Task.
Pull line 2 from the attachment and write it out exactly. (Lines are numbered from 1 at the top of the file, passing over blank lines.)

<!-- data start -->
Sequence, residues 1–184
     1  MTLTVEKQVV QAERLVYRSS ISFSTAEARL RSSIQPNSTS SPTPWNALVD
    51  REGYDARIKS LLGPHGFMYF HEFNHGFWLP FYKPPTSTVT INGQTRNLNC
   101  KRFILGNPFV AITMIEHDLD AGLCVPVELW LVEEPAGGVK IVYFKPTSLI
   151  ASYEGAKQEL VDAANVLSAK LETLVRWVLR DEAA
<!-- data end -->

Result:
     1  MTLTVEKQVV QAERLVYRSS ISFSTAEARL RSSIQPNSTS SPTPWNALVD